Sea surface temperature
Ocean temperatures can have both direct and indirect effects on a wide range of ecosystem components. Temperature has already appeared to be a factor in preference-driven shifts in fish distributions in the Gulf of Mexico over recent decades (Pinsky et al. 2013, Fodrie et al. 2010). Species that are immobile such as corals may be subject to mortality when exposed to changes in temperature; indeed, Gulf corals have experienced bleaching and death in recent years in response to rising ocean temperatures (Coles and Riegl 2012). Temperature shifts may also have indirect effects on human communities; for example, by inducing disease outbreaks in commercially important shellfish species (Harvell et al. 1999).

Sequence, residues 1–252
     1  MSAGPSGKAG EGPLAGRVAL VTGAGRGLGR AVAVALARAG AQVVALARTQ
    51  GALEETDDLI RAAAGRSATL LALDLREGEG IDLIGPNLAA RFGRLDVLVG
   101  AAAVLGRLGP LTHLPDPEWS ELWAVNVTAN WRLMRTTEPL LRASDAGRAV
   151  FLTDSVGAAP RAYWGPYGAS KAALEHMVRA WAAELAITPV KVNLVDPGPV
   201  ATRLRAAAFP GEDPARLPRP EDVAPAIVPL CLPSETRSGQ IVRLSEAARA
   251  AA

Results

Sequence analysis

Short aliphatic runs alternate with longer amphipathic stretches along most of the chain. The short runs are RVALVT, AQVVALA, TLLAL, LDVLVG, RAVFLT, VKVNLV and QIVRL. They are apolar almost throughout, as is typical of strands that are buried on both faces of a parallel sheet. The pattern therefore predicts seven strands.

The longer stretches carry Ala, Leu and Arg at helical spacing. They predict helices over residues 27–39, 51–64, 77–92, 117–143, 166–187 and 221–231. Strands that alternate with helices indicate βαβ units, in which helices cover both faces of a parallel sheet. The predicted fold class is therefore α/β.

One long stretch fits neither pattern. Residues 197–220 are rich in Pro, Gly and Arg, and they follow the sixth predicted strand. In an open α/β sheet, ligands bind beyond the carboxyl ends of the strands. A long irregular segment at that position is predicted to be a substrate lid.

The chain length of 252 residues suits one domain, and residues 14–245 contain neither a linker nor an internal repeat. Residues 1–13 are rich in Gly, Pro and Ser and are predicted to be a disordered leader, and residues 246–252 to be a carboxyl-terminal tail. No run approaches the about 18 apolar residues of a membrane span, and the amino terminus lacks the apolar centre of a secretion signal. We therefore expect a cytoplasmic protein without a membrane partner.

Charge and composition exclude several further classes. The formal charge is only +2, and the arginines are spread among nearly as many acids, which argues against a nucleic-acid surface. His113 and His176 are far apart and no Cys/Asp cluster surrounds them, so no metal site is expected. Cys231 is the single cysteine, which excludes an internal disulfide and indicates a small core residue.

Here we report average monthly SST indices, calculated for select regions within the GoM, using the one-quarter degree Daily High-Resolution Blended SST Analysis product (AVHRR product). A principal components analysis was used to analyze spatial patterns in SST variability across time, and formed the basis of defining subregions. In all three regions, temperatures have increased gradually over three decades, although the West has warmed more rapidly than the East. The Texas subregion has increased at a linear rate of 0.31 degrees Celsius per decade, whereas the rate of increase has been slightly lower for the Louisiana shelf and West Florida shelf subregions (0.22 and 0.20 degrees Celsius per decade, respectively).